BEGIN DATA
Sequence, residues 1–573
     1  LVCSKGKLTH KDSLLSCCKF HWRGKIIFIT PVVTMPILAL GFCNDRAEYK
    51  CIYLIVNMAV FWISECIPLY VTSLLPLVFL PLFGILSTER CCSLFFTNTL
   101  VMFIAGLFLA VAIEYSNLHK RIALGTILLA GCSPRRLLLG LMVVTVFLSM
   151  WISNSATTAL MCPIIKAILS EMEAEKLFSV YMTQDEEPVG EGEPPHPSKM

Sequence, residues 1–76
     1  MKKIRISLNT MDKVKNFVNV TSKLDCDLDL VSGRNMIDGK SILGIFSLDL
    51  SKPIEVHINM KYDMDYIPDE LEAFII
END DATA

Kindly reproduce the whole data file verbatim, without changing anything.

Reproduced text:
Sequence, residues 1–573
     1  LVCSKGKLTH KDSLLSCCKF HWRGKIIFIT PVVTMPILAL GFCNDRAEYK
    51  CIYLIVNMAV FWISECIPLY VTSLLPLVFL PLFGILSTER CCSLFFTNTL
   101  VMFIAGLFLA VAIEYSNLHK RIALGTILLA GCSPRRLLLG LMVVTVFLSM
   151  WISNSATTAL MCPIIKAILS EMEAEKLFSV YMTQDEEPVG EGEPPHPSKM

Sequence, residues 1–76
     1  MKKIRISLNT MDKVKNFVNV TSKLDCDLDL VSGRNMIDGK SILGIFSLDL
    51  SKPIEVHINM KYDMDYIPDE LEAFII